The cooler, wetter weather over recent days has brought some respite from the months of sweeping bushfires, which have destroyed 10 million hectares nationwide and taken the lives of over two dozen people, along with those of an estimated billion animals.
On Monday, there were 69 bushfires in NSW, with around 20 uncontained. Yet, as the temperature is set to rise on Tuesday, there are concerns the fires will pick up once more.
But, despite this pause in the dry heat, the out of the ordinary climate occurrences continued. In the north of this state, hundreds of thousands of fish died as rain washed ash into rivers, while huge dust storms swept through western NSW, and Canberra was hit by a blanket of golf ball sized hail stones.
And in response, Australians have been expressing their outrage at a political elite that’s not only inactive on climate, but has also been giving the nod to the fossil fuel industry. Indeed, 50,000 Sydneysiders brought the city’s CBD to a standstill on 10 January, as they called for action.
So, how has the prime minister reacted to the public’s growing indignation? Well, Scott Morrison has just announced a tourism recovery package with a focus on marketing.
I love a crisp burnt country
No joke. Over the weekend, the former managing director of Tourism Australia earmarked $76 million for a new push to get Australia’s tourism sector back on track. This accounts for a sizeable amount the $2 billion bushfire recovery fund that’s been set aside to help rebuild fire-ravaged communities.
Obviously, after having put together one of Australia’s most successful tourism campaigns back in 2006, Scotty from Marketing doesn’t have to address the underlying causes of the bushfires, as all he has to do is come up with a catchy slogan to sell the place.
The PM’s plan involves $20 million for a nationwide domestic marketing plan and $25 million for a global campaign to get foreigners back over here.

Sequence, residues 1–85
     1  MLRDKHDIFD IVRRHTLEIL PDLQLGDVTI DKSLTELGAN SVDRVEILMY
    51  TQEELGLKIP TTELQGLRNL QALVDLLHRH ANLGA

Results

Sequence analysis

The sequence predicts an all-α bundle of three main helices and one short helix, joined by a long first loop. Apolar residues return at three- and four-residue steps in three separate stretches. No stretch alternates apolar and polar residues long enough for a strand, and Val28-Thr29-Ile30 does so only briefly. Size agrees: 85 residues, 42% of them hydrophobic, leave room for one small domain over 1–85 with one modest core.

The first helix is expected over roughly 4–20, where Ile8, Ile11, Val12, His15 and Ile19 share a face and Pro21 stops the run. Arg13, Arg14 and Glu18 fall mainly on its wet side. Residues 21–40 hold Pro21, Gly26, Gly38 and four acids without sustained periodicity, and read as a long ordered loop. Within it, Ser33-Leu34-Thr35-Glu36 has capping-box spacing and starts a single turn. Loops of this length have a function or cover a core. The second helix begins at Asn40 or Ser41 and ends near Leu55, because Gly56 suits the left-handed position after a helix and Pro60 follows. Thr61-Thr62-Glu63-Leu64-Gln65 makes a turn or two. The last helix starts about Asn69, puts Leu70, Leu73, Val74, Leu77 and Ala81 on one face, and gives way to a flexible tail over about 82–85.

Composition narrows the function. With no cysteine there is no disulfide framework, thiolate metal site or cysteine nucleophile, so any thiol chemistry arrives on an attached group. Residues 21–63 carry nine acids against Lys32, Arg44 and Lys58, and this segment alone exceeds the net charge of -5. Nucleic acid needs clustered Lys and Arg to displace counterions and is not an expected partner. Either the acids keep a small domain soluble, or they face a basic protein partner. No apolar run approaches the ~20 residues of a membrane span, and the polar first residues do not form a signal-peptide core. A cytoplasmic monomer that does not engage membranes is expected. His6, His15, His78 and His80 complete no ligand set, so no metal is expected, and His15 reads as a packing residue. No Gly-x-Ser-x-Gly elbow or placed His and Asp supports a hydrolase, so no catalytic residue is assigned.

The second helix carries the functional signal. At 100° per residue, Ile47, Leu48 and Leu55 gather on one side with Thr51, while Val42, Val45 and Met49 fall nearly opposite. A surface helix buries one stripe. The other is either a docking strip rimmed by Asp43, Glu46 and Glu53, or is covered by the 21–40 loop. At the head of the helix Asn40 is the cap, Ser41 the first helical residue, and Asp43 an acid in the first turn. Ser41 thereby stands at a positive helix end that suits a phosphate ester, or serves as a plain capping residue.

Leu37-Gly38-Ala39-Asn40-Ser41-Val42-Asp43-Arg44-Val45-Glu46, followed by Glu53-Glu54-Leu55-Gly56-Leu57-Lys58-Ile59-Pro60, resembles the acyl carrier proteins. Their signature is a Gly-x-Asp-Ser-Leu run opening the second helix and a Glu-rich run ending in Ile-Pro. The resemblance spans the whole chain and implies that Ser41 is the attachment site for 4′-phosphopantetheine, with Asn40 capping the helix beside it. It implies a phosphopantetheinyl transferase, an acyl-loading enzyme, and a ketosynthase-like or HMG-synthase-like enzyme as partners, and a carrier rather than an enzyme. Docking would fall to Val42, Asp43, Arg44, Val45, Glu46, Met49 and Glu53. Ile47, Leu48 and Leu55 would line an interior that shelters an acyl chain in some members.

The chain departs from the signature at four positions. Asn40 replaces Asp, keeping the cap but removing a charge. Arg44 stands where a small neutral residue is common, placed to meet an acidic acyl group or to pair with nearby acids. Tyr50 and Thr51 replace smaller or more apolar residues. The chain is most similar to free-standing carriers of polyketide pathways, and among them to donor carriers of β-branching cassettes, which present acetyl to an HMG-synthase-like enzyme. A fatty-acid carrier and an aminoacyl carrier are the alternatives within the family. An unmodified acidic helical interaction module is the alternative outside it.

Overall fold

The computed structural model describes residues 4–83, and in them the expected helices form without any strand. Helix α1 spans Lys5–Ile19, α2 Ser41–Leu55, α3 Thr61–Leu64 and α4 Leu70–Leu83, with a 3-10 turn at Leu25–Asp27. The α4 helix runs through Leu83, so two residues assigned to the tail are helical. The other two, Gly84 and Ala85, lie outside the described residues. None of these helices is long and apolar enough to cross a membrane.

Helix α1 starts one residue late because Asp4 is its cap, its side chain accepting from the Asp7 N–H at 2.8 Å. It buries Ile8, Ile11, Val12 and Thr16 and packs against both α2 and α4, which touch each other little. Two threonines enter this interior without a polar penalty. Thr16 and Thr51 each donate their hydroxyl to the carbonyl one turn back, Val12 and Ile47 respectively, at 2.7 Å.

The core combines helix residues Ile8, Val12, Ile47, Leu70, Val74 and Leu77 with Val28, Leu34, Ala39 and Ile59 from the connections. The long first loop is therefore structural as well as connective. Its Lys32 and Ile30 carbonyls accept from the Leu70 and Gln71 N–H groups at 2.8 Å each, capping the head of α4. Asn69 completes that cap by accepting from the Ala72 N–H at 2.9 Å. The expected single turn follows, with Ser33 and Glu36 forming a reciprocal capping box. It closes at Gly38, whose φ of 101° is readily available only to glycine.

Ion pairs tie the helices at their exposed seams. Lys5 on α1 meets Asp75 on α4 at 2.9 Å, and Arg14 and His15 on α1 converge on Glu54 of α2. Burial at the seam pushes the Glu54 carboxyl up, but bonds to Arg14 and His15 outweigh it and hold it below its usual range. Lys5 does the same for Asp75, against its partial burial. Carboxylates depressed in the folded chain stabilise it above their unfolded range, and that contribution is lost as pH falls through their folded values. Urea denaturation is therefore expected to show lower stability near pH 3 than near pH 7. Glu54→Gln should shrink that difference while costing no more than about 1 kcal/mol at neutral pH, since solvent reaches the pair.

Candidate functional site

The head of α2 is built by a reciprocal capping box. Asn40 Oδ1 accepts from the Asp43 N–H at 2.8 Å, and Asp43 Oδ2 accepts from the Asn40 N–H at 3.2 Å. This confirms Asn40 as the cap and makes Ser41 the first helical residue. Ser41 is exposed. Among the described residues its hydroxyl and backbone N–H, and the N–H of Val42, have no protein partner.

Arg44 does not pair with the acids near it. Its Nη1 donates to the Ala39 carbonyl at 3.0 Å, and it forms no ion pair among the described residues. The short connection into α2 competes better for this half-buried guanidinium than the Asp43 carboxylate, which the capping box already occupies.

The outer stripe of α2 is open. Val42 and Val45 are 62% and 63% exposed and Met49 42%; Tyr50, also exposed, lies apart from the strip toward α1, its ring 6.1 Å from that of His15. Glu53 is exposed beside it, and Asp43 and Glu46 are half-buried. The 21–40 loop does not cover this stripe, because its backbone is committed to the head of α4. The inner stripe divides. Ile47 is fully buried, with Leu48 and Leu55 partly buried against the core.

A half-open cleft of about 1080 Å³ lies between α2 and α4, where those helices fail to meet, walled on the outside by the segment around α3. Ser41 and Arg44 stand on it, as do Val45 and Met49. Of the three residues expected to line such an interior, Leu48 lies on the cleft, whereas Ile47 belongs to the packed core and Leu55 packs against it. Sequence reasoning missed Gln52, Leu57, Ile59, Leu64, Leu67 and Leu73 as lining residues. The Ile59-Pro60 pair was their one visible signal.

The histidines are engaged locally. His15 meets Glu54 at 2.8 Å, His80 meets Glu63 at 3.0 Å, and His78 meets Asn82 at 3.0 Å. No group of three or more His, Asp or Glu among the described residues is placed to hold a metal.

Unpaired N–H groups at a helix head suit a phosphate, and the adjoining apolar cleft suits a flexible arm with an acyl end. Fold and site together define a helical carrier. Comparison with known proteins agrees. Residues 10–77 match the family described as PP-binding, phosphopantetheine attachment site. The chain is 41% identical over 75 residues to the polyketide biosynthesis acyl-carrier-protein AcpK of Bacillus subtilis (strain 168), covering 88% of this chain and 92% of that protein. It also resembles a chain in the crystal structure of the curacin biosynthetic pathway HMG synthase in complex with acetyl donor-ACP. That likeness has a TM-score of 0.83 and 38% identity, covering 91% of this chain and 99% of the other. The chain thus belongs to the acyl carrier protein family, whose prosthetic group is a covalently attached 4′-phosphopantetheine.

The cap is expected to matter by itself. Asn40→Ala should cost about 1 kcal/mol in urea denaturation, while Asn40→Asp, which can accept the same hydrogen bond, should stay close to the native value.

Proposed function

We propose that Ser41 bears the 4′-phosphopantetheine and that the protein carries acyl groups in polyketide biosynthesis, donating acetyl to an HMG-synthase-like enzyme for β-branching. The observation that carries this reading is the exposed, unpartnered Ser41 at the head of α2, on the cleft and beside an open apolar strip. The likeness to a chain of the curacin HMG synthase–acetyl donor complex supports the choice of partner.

Now, with one in 13 Australians employed in tourism and hospitality, the threat to the industry is no laughing matter. However, to put together a marketing strategy to attract tourists if we’re just going to continue increasing emissions and watch it all go back up in smoke seems to be missing the point.
Where the bloody hell are the leaders?
Meanwhile, Labor’s Anthony Albanese made some noise on Sunday. Seemingly, still in shock following last May’s loss, the opposition leader said his party had been too ambitious with its emissions reduction targets last time round, so it will be pulling back on them.
Although, for the moment, Albanese can’t say what the new targets will be. And on whether they’ll be more ambitious than the Coalition’s targets, he said he couldn’t commit to outbidding them, as he hopes they take some action first, which is his usual stance these days.
Then he quoted some figures that seemed to suggest that because we’ll be further down the track by the time the next election comes around, instead of aiming for a 45 percent reduction on 2005 levels by 2030 like last time, the target will be lower because we’ll have less time up our sleeves.
So, as far as the guy at the helm is concerned, in the midst of the apocalyptic fires, it’s simply business as usual, and all we need is a good advertising campaign to kick things off, while as for the other guy, he’s simply going to drag his feet and wait and see what the first one does.
And as the flames grow higher and the rivers run dry, Australians on the ground better get used to it.
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Paul Gregoire is a Sydney-based journalist and writer. He has a focus on human rights issues, encroachments on civil liberties, drug law reform, gender diversity and First Nations rights. Prior to Sydney Criminal Lawyers®, he wrote for VICE and was the news editor at Sydney’s City Hub.